To most of us, a 3-D-printed turtle just looks like a turtle; four legs, patterned skin, and a shell. But if you show it to a particular computer in a certain way, that object’s not a turtle — it’s a gun.
Objects or images that can fool artificial intelligence like this are called adversarial examples. Jessy Lin, a senior double-majoring in computer science and electrical engineering and in philosophy, believes that they’re a serious problem, with the potential to trip up AI systems involved in driverless cars, facial recognition, or other applications. She and several other MIT students have formed a research group called LabSix, which creates examples of these AI adversaries in real-world settings — such as the turtle identified as a rifle — to show that they are legitimate concerns.
Lin is also working on a project called Sajal, which is a system that could allow refugees to give their medical records to doctors via a QR code. This “mobile health passport” for refugees was born out of VHacks, a hackathon organized by the Vatican, where Lin worked with a team of people she’d met only a week before. The theme was to build something for social good — a guiding principle for Lin since her days as a hackathon-frequenting high school student.
“It’s kind of a value I’ve always had,” Lin says. “Trying to be thoughtful about, one, the impact that the technology that we put out into the world has, and, two, how to make the best use of our skills as computer scientists and engineers to do something good.”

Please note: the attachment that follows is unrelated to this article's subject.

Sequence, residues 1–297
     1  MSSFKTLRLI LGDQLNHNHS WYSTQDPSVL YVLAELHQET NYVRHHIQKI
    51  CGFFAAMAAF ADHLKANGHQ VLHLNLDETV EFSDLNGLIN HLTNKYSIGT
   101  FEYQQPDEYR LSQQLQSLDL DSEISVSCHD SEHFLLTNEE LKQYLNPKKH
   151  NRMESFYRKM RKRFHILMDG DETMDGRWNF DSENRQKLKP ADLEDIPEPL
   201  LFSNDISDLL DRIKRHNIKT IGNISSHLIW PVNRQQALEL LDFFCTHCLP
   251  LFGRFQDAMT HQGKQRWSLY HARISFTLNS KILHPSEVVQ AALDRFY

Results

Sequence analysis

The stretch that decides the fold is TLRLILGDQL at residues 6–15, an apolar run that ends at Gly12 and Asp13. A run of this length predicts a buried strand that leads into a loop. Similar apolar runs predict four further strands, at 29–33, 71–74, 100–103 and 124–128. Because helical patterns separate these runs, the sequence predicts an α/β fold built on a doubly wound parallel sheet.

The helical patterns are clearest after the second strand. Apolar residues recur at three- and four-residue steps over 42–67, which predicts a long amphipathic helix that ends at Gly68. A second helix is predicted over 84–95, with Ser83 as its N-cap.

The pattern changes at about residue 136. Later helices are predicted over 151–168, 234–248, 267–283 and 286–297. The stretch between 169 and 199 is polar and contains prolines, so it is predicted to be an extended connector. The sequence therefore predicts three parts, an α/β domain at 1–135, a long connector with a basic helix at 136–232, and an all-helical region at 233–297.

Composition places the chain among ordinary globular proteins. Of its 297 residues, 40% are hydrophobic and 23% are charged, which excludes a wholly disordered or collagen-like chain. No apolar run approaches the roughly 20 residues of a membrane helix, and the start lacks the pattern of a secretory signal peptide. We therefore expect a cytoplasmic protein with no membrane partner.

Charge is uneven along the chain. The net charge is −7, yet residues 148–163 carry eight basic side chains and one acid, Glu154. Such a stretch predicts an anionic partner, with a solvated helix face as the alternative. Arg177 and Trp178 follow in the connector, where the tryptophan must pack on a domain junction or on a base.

Clearer thinking through philosophy
AI is one of Lin’s key interests in computer science, and she’s currently working in the Computational Cognitive Science group of Professor Josh Tenenbaum, which develops computational models of how humans and machines learn. The knowledge she’s gained through her other major, philosophy, relates more closely this work than it might seem, she says.
“There are a lot of ideas in [AI and language-learning] that tie into ideas from philosophy,” she says. “How the mind works, how we reason about things in the world, what concepts are. There are all these really interesting abstract ideas that I feel like … studying philosophy surprisingly has helped me think about better.”
Lin says she didn’t know a lot about philosophy coming into college. She liked the first class she took, during her first year, so she took another one, and another — before she knew it, she was hooked. It started out as a minor; this past spring, she declared it as a major.
“It helped me structure my thoughts about the world in general, and think more clearly about all kinds of things,” she says.
Through an interdisciplinary class on ethics and AI ethics, Lin realized the importance of incorporating perspectives from people who don’t work in computer science. Rather than writing those perspectives off, she wants to be someone inside the tech field who considers issues from a humanities perspective and listens to what people in other disciplines have to say.
Teaching computers to talk
Computers don’t learn languages the way that humans do — at least, not yet. Through her work in the Tenenbaum lab, Lin is trying to change that.